Hello to the group:
Well the second question to the group on my 1988 Mercury Sable is an engine
question on a 3.0 V6 engine. I have a noisy lifter on the rear bank
(facing the firewall).
It is always there, louder when the engine is cold. The car has 149,000
miles on it and I have used an off the shelf oil flush and currently using
Marvel Mystery Oil additive on the first oil change I have done on it, oil
is 10W30. I will probably switch to 10W40 for the next change for the
I know little about this engine and I have not found much information on it
if there is any kind of adjustment or repair that could be done other than
running thicker oil and nursing it till it drops. It looks like a real pain
to access the rear bank without taking out the intake manifold.
Thanks in advance
Dunno WHY you would switch to a thicker oil for the winter!
Hint... it's louder when the engine is COLD, and when the engine is COLd the
oil is ...WHAT?
Did the additive make a difference?
If it didnt, maybe you ought to consider running a really high detergent
really good lubricating oil, like Mobil 1.
I run it in all my cars and, since doing so, never had a "tap" even over
Sorry bout that. I was thinking in opposite mode when I wrote that.
The 5 minute flush stuff made the most difference, it ran pretty quiet for a
day and then it began again. The additive probably has not much of a chance
to really work since it has been in only about 500 miles or so. I am going
to keep a pretty close eye on how clean the oil looks and feels and change
it out at 3 thousand. The Mystery Oil reminded me of ATF in the consistancy
change the filter every 500... till the next change
think about what i wrote about Mobil 1. The problem is not what most think..
that the oil is too thin... the problem is buildup of sludge/varnish.. ie;
Your mystery oil will dissolve some of it and break loose some more.. THEN
Just use Mobil 1 and it will KEEP dissolving the stuff and lubricate better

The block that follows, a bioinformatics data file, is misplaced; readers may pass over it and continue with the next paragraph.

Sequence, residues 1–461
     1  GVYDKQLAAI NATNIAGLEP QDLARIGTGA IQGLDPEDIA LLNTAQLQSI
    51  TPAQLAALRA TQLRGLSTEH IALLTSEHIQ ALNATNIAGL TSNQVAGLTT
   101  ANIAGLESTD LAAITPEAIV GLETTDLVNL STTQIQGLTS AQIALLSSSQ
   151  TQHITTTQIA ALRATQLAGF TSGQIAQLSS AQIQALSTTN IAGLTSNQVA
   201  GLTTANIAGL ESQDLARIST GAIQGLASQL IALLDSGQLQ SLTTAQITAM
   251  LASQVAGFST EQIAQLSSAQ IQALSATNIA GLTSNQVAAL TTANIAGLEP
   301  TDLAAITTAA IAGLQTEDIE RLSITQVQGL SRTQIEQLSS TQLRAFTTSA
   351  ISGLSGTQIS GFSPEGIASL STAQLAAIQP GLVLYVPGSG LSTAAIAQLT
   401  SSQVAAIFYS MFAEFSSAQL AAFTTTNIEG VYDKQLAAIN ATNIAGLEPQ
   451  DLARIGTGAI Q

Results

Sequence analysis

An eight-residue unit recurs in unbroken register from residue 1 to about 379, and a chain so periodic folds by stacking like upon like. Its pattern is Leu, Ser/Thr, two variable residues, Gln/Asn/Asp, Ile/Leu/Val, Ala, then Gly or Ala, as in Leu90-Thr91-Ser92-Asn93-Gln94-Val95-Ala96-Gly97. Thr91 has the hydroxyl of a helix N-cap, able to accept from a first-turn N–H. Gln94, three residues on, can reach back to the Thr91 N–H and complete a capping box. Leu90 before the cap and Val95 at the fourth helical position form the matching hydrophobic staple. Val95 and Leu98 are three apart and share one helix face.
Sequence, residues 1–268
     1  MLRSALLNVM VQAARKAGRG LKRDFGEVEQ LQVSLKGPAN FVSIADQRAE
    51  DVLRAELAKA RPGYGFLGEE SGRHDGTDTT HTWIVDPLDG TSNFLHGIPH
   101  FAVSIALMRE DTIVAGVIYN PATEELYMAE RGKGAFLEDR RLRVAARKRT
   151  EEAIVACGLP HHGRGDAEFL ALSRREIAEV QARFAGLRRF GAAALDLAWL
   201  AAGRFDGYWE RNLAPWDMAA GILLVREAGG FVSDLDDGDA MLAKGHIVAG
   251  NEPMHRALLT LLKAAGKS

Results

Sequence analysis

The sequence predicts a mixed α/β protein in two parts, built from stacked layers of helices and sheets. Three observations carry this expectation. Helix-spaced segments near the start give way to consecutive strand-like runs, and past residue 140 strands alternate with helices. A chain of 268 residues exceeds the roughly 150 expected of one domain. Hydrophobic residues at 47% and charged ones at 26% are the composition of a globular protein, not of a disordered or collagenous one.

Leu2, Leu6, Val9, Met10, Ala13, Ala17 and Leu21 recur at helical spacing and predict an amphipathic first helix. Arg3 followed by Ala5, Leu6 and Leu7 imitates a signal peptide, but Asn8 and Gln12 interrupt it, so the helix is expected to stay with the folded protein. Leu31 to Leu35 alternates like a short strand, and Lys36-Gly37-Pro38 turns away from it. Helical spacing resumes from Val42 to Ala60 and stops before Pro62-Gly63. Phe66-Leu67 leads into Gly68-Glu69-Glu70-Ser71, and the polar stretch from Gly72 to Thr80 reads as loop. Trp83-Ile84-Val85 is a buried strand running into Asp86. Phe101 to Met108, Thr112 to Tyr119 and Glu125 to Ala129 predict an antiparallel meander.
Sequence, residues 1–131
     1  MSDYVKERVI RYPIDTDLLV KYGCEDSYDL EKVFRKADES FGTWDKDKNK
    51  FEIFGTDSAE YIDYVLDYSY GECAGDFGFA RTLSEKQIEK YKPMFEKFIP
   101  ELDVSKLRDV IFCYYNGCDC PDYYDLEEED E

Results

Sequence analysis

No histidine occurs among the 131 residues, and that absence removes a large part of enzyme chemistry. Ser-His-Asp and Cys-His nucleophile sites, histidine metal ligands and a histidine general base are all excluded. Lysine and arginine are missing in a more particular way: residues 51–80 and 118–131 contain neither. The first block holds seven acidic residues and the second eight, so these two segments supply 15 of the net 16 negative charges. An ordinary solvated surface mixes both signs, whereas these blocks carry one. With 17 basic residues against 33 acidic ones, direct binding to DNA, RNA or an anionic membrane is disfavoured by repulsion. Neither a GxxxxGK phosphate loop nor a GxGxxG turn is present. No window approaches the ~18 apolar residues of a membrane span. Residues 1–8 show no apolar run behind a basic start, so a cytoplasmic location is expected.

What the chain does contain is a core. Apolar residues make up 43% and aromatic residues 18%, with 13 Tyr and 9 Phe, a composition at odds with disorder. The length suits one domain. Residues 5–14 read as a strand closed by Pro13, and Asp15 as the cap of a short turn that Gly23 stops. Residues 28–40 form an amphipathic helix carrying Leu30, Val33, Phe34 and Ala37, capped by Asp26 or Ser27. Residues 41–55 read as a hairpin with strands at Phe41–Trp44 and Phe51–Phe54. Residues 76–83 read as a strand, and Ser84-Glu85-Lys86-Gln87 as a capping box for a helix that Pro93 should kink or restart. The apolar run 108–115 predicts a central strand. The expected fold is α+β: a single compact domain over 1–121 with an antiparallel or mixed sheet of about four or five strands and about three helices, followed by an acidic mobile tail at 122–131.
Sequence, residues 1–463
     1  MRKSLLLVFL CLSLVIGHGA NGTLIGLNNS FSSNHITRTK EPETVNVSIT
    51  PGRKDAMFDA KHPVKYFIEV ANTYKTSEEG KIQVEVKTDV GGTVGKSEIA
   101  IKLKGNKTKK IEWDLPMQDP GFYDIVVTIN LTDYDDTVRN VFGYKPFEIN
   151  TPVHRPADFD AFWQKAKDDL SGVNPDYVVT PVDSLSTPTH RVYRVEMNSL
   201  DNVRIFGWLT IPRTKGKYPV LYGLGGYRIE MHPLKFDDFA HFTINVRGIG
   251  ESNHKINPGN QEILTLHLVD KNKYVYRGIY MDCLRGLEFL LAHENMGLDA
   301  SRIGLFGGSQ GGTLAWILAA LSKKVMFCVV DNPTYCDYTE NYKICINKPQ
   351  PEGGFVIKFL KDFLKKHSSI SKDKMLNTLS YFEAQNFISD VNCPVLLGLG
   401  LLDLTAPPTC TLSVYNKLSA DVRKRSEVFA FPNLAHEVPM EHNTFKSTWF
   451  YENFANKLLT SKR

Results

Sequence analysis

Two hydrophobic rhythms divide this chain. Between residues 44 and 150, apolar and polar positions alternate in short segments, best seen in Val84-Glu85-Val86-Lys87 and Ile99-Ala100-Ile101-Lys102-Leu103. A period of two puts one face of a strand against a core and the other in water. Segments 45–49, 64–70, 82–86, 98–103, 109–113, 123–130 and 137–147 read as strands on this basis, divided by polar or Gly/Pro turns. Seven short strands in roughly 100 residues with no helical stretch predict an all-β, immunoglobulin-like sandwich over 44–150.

I agree that Mobil 1 or a similar full synthetic will thoroughly clean out
almost any engine. My experience with synthetic oils in relatively high
mileage engines (149K according to the OP) is that it's light enough to
find it's way _out_ of an engine all too easily - past the rings, through
the valve guides, and past any marginal gasket or seal.
I'd use a full synthetic as a good cleaning agent. Then once the engine is
thoroughly cleaned out, change to a high-quality dino or synthetic blend.
Just my $0.02.
| George Ruch
| "Is there life in Clovis after Clovis Man?"
Well.. so far I've used it in 4 different cars with more than 160K and I
havent found it to leak enough to spot a driveway, nor has loss into
combustion been more than a quart per 1500miles, and that on ONE car.
That may seem excessive to some but it's nothing to the "old days" and it's
perfectly acceptable to me.
And your info may be dated, in previous discussions/brouhaha's over this, it
has been claimed that the molecule was changed in the last decade to seep
less and others point out that the cleaning effect itself finds migration
paths that would allow leakage of ANY lube.
More telling is the discovery that I could pop out the pistons on a 2.3 after
185Kmiles without a ridge cutter.. there WAS no ridge.
a 88 with a tapping valve is a pain to fix and probably not worth it unless you
can do it yourself.. if you have to ask then you probably cant do it????? would
not pay a shop to fix it.. you can probably get another used 88 model car for
the price of a repair on this car if you look hard enough.. probably just nurse
it along and be on the lookout for a replacement... dont drive it too hard and
you could get another 50,000 miles out of it before it croaks...
Instead of using oil, use the thickest differential lube you can find.
I know a guy who swore by it. The only problem he could not get the
cars to start in cold winter weather. I am not advising you to do
this. Just saying what I was told by this guy, and he does know
mechanical things. Of course if you are in a cold area, no sense
trying it now.
I had another guy tell me to add tranny fluid to the oil. I had an
Olds that had a noisy lifter. I drove the car for 8 years like that,
and the engine still runs today, but the transmission died.
The car had near 300,000 miles on it. I never did add the tranny
fluid to the oil. Just seemed too risky.
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